Adventures in the Traditional Art of Woodblock Printing
Just when you thought that Mexico had revealed herself to you along comes Alec Dempster with an extraordinary revelation: Loteria Huasteca. This book features a mesmerising set of 54 woodblock prints and is a follow-up to the extraordinary first book, Loteria Jarocha. The two books form part of a remarkable series on ‘loteria’, the age-old Mexican game of chance similar to bingo. Dempster informs us in his introduction to the book that the concept of the game has its origins in Italy and Spain and was brought to Mexico in the 17th Century. In fact the word ‘loteria’ is the Spanish word for lottery. It is believed that it came presumably via Christian missionaries to what was then called New Spain – today’s Mexico – in 1769. The Mexican game is played with 54 cards on a board with a randomly created 4 x 4 grid of pictures with their corresponding name and number. Alec Dempster uses ‘loteria’ as a metaphor in which the region of Northern Veracruz – La Huasteca – in particular unfolds before your eyes.
To begin at the beginning, Alec Dempster is a remarkable musician, writer and painter, woodblock artist silkscreen-printer and painter, and probably one of the most generously endowed artistic polymath in the Americas. What he does in both his art books is bring La Huasteca alive for us. Dempster was on his way to that part of Northern Veracruz to attend a folk music festival in Citla, a small town in the hills of La Huasteca. A folk musician with a glorious grasp for Mexican culture Dempster was well known for his folk music in Mexico and had been invited to attend this music festival in the remote region of Veracruz. And that is how the story begins.
In this book Dempster tells the story of his journey to La Huasteca in the form of a ‘loteria’ board – with 54 prints hauntingly cut out of wood and printed for the first time in this superb book. Salamanders and crocodiles vie for attention with gods and goddesses’ folk tales and musical forms. Each is an image frozen in a one-of-a-kind woodblock print with an accompanying text that explains the origins of a tale native to the region and the oral history of the region is revealed before our eyes. The images are primordial made in strokes of the knife that move with visceral energy across the geometrically-shaped woodblock. Accents are added to make the woodblock print come to life. And because Dempster has a curious eye, his attention to detail both in image and in word is remarkably succinct. The prints are never crowded and yet every important detail is there, be it the scaly skin of a fish or the décor of traditional pottery, worry-lines on a gnarled face or the singular movement of a musical note.
Alec Dempster is also a lyrical story teller. He has a knack for idiom and metaphor and is also a fine narrator. I am tempted to suggest that he might be the first Canadian-Mexican griot. All this of course stems from his wonderful sense of adventure and the detail of a Boswellian diarist. Add to that the depth of his research and you have a formidable authority on the Veracruz region of Mexico, at any rate. I would never be able to think of La Huasteca in Northern Veracruz in the same way as I do after reading this exquisite little book. It fills you with desire – the desire to pack a bag and head for La Huasteca but first it makes you delightfully mad with the beauty of the culture of the place. The comprehensive glossary at the end of the book is a fine idea and enables a greater understanding of some of the more obscure terms. One always wishes for a phonetic guide especially if you are not a native Mexican speaker. But that might be thought for a future volume should one be forthcoming.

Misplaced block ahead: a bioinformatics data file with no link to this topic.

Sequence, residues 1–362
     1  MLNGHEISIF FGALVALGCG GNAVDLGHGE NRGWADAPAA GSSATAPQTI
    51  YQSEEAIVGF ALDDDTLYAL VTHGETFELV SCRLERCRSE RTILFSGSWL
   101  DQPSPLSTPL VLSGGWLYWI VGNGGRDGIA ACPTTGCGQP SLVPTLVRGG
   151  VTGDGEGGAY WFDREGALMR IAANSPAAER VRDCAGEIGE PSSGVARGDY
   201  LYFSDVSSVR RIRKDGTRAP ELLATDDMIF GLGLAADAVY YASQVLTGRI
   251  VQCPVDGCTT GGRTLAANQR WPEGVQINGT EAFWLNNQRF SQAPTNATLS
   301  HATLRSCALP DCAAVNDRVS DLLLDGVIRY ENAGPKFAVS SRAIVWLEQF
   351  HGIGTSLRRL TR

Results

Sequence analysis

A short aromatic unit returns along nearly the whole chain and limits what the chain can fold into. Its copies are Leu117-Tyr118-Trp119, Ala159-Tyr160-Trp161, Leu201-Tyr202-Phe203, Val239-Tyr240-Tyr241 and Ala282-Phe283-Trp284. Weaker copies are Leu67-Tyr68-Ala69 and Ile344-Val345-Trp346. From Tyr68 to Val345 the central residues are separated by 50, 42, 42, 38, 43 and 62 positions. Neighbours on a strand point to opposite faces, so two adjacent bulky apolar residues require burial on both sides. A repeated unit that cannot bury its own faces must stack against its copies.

This is a superbly designed book, published by one of the finest print houses in Canada. It has been extremely inexpensively produced and yet feels great to touch and feel. Paper stock and printing is important in art books and this has been well-chosen by the publishers, The Porcupine’s Quill, to suit the fact that these are woodblock prints. It is a remarkable book by a remarkable artist and is more than being a coffee table book it is essential to any library that is a serious archive of art books.
Published By: The Porcupine’s Quill, Erin Ontario, Canada.
No. of pp: 127
About Alec Dempster
Alec Dempster was born in Mexico City in 1971 but grew up in Toronto where he eventually studied printmaking at York University. He returned to Mexico on two occasions while at university, which motivated him to live in Xalapa, Veracruz from 1995 to 2009. He now lives in Toronto. The imagery in his artwork is a complex mix of surrealistic associations and memories that crosses cultural boundaries. In addition to prints, he has worked on a number of illustrated books and portfolios of prints. The prints shown on this page are from one of these book projects.